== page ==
Microbe-powered mud jolts arts and sciences

Science in the service of art, and vice versa. Art provides space for scientists’ imaginations and creates much more courageous future visions. An installation made by the new media culture center RIXC at the University of Latvia’s Botanical Gardens titled ‘Pond Battery’ is launching creative research into a naturally-occurring electricity-generating process conducted by bacteria found in pond scum, making it both visible and audible to the human senses.

The ‘Pond Battery’ is basically a bunch of floating white rings on the surface of the Botanical Gardens’ pond – an experiment with germs in green technology which the installation’s artists designed together with biologists and physicists from the University.

The artists were fascinated by the idea that bacteria were being used to produce electric power – microbes living in mud, garbage piles or pond scum.

“We wondered how such local systems of renewable energy might look in the future, as now they have been piloted in Africa, where there’s the right kind of mud and otherwise no sources of electricity. You hook your telephone up to the mud to charge it… So in Latvia we imagined the potential of the abundant countryside fields and if the technology could be made more effective, then homesteads could just hook straight up to their own properties, from their land itself,” dreams RIXC founder and ‘Pond Battery’ author Rasa Šmite.

You can watch the voltage meters on the internet in livestream – how many volts they generate per minute. Right now it’s reading at 3 volts, reported LTV Panorama’s Judīte Čunka.

“So gradually we’re coming up with these artistic ideas, we’re hoping that by spring the batteries will bloom. We’re working on how to get it to power some outside lighting,” she said of the work in progress.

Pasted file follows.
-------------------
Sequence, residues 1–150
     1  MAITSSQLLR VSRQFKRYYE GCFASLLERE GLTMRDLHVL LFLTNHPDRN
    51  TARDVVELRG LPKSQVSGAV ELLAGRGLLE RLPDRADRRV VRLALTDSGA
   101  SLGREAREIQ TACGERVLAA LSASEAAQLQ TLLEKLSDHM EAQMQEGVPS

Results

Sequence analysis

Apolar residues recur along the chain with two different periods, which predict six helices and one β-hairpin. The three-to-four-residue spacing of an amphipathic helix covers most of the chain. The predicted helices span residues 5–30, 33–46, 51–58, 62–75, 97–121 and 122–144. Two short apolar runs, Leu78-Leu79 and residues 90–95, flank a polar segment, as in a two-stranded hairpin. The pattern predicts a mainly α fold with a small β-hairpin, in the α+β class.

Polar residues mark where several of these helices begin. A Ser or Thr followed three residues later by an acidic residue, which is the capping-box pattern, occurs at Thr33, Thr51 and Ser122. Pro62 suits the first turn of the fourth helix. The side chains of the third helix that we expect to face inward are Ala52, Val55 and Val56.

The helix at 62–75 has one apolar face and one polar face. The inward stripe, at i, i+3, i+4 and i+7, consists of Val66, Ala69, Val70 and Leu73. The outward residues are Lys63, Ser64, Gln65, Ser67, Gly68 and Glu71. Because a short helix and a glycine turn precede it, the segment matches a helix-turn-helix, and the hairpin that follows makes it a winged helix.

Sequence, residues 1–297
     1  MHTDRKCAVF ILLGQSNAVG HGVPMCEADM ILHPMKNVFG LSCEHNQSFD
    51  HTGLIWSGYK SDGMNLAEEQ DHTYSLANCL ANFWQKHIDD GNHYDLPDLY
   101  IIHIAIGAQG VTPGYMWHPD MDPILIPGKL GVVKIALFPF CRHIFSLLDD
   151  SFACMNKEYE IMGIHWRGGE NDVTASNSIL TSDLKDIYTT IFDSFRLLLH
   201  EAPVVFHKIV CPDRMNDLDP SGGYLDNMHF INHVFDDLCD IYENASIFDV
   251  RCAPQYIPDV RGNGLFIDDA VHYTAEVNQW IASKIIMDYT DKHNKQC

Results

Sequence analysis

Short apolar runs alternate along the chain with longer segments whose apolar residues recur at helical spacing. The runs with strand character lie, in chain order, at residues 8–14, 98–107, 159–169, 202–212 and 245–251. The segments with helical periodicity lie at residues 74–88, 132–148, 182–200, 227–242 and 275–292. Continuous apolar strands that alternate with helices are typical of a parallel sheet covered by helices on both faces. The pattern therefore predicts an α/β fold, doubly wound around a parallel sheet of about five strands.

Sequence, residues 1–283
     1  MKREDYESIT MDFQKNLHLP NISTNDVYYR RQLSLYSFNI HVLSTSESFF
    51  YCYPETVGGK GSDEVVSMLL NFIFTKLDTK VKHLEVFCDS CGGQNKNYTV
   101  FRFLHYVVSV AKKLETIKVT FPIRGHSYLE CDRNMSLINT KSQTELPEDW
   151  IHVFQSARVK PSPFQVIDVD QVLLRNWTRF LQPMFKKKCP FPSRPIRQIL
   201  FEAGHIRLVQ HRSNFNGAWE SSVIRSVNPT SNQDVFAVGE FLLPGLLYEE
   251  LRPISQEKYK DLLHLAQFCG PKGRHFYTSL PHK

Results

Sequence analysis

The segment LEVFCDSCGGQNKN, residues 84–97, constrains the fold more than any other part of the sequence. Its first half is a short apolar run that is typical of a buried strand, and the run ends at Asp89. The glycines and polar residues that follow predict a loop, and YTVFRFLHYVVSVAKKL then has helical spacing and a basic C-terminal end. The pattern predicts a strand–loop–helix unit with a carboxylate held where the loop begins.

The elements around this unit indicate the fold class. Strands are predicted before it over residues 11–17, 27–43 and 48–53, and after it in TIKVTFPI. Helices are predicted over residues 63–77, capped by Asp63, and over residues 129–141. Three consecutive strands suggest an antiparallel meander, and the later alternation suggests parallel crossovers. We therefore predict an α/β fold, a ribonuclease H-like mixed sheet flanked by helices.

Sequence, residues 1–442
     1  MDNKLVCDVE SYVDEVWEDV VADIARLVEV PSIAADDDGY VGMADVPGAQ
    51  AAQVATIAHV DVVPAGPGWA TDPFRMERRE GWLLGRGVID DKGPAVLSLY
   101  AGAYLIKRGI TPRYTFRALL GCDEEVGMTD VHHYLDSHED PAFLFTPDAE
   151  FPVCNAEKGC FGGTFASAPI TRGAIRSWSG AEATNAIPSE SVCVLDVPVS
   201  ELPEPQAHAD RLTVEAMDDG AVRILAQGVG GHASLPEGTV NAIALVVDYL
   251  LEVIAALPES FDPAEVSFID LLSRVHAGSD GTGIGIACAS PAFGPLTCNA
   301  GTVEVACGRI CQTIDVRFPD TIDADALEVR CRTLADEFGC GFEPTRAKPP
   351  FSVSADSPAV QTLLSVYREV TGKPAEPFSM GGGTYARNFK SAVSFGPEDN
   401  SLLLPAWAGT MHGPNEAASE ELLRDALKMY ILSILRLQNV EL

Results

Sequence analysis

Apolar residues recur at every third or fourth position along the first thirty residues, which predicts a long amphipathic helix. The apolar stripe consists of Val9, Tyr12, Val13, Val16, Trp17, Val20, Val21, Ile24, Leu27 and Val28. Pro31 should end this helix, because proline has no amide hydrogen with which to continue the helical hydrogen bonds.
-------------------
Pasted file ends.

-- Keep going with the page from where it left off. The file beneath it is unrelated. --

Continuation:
The recorded video images and data will go on to be used as raw material for future artworks. Already sound artist and composer Voldemārs Johansons has compiled an audio installation. The ‘Pond Battery’ soundtrack will be played back at a premiere hearing in Vienna two weeks from now in an Austrian Public Radio program devoted to the radiophonic arts.

“These aren’t actually any sounds made by the bacteria per se,” explained the multi-media arts pioneer from RIXC. “The sound is made by the fluctuations in the electrical currents they produce. The changes in the flow – this is what speaks to us as artists, and we feel that there will be further creative ideas generated from it, to show how a more green perception, a techno-ecological perspective, how technologies and nature can coexist. The arts can make various scientific discoveries more easily grasped and accessible, bring attention to them. The arts have long-since been no longer just a realm for lonely geniuses.”

As the authors say, art inspires imagination and can encourage scientists to seek innovative solutions and see new horizons.

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